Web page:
I bet if I asked my now grown children about those cooking sessions in my small kitchen, they would remember them and be able to tell some good stories. Those memories don’t fade. And I am guessing that neither does the memory of someone who receives a loaf of bread from a stranger. What a wonderful way to make a difference!

    Thanks again for a lovely morning!

  7. Jane, you’re such an inspiration, and being in your charming home is always a wonderful treat. Thank you for all the preparation for Saturday–I can’t imagine how many hours you invested in getting all those loaves ready to bake at different times. Amazing.

    Having thought about my next door neighbor, I took a loaf with me. This neighbor is a divorced man with many struggles. To be truthful, he has not been the easiest person to love over these years for a number of reasons, but God has continued to whisper in my heart that this man needs my love and prayers.

    I have made some small steps toward him, always received with such gratitude. This time was no different! When he came to the door, he was in his robe–he was ill. I was so delighted to be able to hand him this lovely, warm loaf of bread from our church women.

    Later in the day, I was visiting with another neighbor and she asked me what I’d been up to. I had the opportunity to tell her about our lovely time in Jane’s kitchen and the opportunity to give the loaves away. I shared about giving the loaf to our other neighbor, and she was inspired herself to consider extending kindness to him. So I could see that this little loaf blessed more than one person today.

    Thanks, Jane. You’re a blessing!!!

  8. Dear Jane – what a lovely morning for baking bread! Rainy and cool, breezy and bright. . .a fire crackling in the fireplace as we walked into your cozy home. It was just a wonderful time together to learn some baking tips, to be inspired and encouraged by the life of dear St. Brigid, and the challenge to go out and see who God wanted us to meet with our loaf of bread.

    When I returned home with my wonderful round loaf of Jaco, I began to pray and ask God to bring to mind whom He wanted to receive this lovely gift. Lots of people started to flood my mind and I thought “Oh dear, I only have one loaf!”. Well, silly me – of course the loaf was big enough to slice off big hunks for a bowl of soup or a big salad. So, that’s what I did.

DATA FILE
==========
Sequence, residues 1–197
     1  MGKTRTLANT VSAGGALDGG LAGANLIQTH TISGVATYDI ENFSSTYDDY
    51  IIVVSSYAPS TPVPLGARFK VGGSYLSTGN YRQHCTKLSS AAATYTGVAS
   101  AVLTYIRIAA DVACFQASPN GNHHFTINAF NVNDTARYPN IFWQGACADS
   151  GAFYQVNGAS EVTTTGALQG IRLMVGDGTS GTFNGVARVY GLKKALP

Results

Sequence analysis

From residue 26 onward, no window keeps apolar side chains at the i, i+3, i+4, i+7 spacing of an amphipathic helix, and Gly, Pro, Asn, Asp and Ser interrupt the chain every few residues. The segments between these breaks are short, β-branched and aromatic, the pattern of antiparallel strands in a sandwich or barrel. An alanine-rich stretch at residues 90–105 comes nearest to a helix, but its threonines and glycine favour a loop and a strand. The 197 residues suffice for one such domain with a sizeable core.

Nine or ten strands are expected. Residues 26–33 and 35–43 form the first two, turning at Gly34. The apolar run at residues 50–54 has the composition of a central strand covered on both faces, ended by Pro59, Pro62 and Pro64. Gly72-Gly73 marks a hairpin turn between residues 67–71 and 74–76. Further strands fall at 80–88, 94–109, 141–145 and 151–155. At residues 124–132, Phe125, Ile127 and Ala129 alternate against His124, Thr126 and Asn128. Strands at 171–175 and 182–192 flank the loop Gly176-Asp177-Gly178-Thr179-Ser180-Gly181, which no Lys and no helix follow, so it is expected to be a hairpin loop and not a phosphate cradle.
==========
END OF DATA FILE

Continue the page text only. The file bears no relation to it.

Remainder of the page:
One to Obadiah, the gentle soul who always offers to help with decorating and cleaning the church for the different feast days. Another, to Phoebe, a dear friend and super helper with festal decorating. And one to Fay, who wanted to come to our gathering but needed to attend to family things. That left a quarter of the loaf for me and my new roommate, Valerie ~ perfect, I thought!

    Then on Sunday, as I was driving home after some shopping at Vons and La Cumbre, I drove passed a homeless man standing on the corner him. I thought to myself. . .the bread. I dashed home, cut off a big hunk of the loaf, wrapped it up with some other small food stuffs and hurried back to give the man my offering. When I told him there was fresh baked bread, he looked puzzled. . .then broke into a big smile.

    Afterwards, I looked at what was left of the loaf and saw that there was still enough Jaco for Val and me to have with a simple dinner. Perfect!

    Thanks Jane for sharing your baking talent with us and your story of how St. Brigid has inspired you. I confess that I was looking forward to being a floury mess, so I will have to take you up on your offer to stop by on your next baking day.

    Love, Carla Mary

  9. These stories are amazing… Thank you all for sharing your adventures with us! They prove how so often we set out in one direction but then end up in a completely different place–handing out a blessing to someone we never thought about…

    You all inspire me with renewed energy to keep giving…

  10. Well, dear Jane, it was a delight to spend the morning with you. My story is small and quiet, but it brought me joy. I went to Trader Joe’s after our gathering and there was a man out front with a sign asking for food. After placing my very full grocery bags in the back of the car (I’m just now realizing that St. Brigid would have given him the bread AND the 4 bags of groceries), I went back with the loaf of bread. I was able to say, “This bread was just baked this morning…with lots of love. Enjoy.” His response was “God bless you,” and I replied with the same.

    I believe God did indeed bless both of us in the exchange.